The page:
Tuesday, May 22, 2007

Comps, Climbing and the Adirondacks

Some weekends are such a blur of activity that one never really understands that activities were partaken in until well after the fact. This weekend was one of those weekends.

Saturday - Got up early and headed down to New Bedford with "Cody" to judge at the Regional Comps held at Carabiners Gym. It was an easy ride down and I was quite surprised at the gym itself: very tall walls with not a space in the place wasted. Nearly every inch, even in the middle where the only thing to attach a climbing wall to is the ceiling, seemed to have a climbing hold on it. It was an impressive site to see. One thing that this gym does too is use the same colored holds for one specific route. This is primarily what the European gyms do, while the American gyms tend to use tape to mark the routes. Granted, using tape is more cost efficient (one doesn't need to buy a million holds of one color to make one route, and one has greater flexibility in which holds to choose), but tape also falls off and, thus, makes the routes harder (and maybe more frustrating over time). One answer to this for "taped" gyms is continuously put up new routes, which my gym (MetroRock) does and Carabiners apparently does not (we talked to a couple of staffers and they said the comp routes would stay up because they really hadn't had new routes in a couple of years - unbelievable!!!). Still, I like both styles and see the benefit of each, but gyms have to continuously change the routes over. As one famous climber at MetroRock once told me (and I'm paraphrasing here), "the routes are the product. Without quality routes, you won't have a sustainable, dependable cash flow." Can't disagree there.

One thing I'd like to point out, however, is the ridiculous requirement that some gyms have regarding the need to use GriGris to belay and for the belayor to be tied in while belaying. First off, teaching climbers to use a GriGri to belay is akin to teaching a kid to do math using a calculater. The answer is going to be the same, but the kid never learns how the math is actually done (carrying the one, for example). This sets a poor precedent for these climbers who start at the gym and then move to climbing outside. Not only is it important for them to learn proper, basic belaying techniques, but it is also important that they learn that a GriGri is self-locking while other devices are not (In my opinion, it is always best to learn the most basic method first and then trade up to more "luxurious" practices). Going from a GriGri to an ATC is probably not as safe as going from an ATC to a GriGri.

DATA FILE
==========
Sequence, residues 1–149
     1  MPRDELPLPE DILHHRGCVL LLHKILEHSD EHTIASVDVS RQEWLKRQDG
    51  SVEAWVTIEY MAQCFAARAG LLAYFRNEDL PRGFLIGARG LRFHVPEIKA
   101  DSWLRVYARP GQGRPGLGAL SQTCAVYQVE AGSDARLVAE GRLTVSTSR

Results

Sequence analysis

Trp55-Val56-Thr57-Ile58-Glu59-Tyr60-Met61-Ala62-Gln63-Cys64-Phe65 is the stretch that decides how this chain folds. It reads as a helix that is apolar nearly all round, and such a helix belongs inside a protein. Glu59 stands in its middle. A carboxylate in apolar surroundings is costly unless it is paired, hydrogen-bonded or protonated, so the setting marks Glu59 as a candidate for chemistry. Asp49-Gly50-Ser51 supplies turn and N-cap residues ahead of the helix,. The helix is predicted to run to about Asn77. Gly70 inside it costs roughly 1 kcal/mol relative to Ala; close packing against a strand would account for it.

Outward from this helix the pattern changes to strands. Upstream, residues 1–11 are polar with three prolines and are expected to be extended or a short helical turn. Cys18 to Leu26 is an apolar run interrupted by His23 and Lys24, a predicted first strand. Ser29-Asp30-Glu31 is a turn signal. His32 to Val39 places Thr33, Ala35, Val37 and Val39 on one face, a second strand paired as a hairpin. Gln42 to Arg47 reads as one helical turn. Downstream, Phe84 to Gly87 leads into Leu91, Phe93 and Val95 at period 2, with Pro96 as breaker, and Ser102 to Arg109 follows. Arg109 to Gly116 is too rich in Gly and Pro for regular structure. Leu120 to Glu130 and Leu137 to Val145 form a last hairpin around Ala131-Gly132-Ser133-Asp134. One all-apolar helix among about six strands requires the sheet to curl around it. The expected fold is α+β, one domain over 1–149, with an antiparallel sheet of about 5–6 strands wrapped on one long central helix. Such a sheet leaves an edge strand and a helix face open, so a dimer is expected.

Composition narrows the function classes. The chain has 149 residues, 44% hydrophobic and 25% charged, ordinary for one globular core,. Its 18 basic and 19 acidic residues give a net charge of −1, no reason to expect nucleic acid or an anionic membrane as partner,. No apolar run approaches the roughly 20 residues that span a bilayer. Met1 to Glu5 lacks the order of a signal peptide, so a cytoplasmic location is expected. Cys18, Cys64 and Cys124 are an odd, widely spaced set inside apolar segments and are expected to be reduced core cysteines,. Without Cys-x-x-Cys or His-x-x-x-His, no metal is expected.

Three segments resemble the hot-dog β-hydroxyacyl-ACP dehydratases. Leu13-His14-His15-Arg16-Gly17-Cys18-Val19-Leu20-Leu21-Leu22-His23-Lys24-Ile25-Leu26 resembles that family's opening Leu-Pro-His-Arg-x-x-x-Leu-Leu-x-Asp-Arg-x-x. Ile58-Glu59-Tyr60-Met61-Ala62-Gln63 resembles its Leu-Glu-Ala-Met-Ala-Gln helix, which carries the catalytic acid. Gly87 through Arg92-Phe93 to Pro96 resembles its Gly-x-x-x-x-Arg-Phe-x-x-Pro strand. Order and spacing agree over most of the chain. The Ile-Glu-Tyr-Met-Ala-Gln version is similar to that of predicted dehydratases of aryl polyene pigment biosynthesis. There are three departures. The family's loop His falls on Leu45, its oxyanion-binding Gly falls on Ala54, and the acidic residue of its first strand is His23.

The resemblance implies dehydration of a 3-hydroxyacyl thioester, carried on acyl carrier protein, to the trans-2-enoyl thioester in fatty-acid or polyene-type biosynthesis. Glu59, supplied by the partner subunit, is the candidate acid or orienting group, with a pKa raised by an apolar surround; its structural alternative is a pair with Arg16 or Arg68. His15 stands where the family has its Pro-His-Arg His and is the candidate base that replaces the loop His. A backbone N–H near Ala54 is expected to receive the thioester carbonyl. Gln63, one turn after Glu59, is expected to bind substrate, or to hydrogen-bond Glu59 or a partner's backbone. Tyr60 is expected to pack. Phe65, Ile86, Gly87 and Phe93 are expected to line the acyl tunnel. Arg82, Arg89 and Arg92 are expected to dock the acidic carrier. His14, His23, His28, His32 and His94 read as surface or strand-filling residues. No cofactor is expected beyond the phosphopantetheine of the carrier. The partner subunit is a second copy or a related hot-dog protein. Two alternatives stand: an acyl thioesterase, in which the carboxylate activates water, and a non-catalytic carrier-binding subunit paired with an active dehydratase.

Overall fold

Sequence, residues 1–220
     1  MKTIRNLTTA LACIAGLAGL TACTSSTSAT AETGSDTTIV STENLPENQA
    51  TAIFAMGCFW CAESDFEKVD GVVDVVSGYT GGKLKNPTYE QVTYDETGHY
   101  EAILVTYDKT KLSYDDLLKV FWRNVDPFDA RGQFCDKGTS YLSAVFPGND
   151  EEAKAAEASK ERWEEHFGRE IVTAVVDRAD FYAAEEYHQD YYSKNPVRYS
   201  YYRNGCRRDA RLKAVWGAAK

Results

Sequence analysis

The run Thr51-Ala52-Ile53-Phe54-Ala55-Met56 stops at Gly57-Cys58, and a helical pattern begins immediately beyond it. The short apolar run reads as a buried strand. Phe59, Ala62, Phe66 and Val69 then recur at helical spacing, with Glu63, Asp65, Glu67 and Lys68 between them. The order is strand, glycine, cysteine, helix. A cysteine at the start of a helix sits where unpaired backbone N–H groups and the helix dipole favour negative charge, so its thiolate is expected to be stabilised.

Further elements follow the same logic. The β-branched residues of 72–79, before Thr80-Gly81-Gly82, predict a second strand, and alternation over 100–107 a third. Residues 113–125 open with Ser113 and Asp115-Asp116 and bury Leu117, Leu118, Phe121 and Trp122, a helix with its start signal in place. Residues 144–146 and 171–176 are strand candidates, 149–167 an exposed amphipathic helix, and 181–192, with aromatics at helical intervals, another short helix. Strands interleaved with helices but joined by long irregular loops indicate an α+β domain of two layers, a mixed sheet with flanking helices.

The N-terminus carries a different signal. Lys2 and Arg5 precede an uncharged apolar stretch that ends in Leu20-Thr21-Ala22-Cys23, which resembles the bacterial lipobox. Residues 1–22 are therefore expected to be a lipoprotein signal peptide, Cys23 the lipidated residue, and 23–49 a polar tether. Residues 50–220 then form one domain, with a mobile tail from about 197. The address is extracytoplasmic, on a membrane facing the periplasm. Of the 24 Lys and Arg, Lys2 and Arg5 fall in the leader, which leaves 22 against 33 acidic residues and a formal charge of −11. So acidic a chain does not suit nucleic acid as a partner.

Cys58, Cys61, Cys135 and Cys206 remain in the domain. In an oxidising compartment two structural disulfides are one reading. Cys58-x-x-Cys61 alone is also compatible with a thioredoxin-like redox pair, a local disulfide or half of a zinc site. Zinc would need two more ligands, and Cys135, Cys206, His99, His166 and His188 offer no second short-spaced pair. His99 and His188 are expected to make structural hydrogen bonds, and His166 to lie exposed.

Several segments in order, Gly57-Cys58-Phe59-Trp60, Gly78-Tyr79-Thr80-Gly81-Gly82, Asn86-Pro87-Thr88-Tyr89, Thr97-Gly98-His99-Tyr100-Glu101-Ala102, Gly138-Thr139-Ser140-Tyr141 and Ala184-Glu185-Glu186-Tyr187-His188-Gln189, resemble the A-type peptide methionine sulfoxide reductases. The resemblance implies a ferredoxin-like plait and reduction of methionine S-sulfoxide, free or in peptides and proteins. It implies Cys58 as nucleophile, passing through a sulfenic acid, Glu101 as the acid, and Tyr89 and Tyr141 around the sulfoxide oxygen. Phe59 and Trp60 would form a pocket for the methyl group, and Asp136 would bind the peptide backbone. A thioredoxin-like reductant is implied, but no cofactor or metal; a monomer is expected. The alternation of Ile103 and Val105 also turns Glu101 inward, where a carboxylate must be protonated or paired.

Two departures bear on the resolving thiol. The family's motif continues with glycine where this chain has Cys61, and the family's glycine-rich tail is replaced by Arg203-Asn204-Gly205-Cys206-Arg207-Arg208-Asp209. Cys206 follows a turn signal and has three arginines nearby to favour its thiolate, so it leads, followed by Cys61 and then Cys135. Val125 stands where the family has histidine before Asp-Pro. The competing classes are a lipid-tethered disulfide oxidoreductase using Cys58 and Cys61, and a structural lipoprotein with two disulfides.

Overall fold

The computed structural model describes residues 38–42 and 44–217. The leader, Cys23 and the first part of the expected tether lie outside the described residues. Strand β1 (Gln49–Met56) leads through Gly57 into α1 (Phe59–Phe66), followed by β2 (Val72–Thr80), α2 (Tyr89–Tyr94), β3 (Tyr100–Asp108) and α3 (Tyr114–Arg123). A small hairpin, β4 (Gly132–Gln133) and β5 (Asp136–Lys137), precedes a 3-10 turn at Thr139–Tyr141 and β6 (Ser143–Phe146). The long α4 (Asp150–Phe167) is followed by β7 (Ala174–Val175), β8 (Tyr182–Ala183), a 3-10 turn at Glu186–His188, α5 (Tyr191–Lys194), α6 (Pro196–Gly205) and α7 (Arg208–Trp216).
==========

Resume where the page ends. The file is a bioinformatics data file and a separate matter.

Also, as I mentioned above, Carabiners requires the belayor to lock into an anchor, presumably to keep the belayor from going up in the air when the climber falls. This is the most bizarre practice of all. For one, by being anchored, the belayor has limited ability to shift the rope away from the climber. Sure, if the anchor is long enough then the belayor can move about more freely than if the rope is not long enough. But take that a step further and understand that no anchor means even more freedom. But I'm sure that the main concern is that if a lighter-weighing belayor catches a heavier climber then the belayor will go up in the air. This, however, is a good thing. Whenever the belayor goes up in the air, it means the climber has had a softer landing. I know, this isn't as much of a factor on toprope, but it is on lead. I think these types of requirements are clearly pushed by insurance companies to "limit" liability. But let's ask the question, unless the insurance adjuster is a climber, and the insurance company has climbing-specific policies in place, can the insurance company make the best decision with it's limited experience? My guess is no; they can't.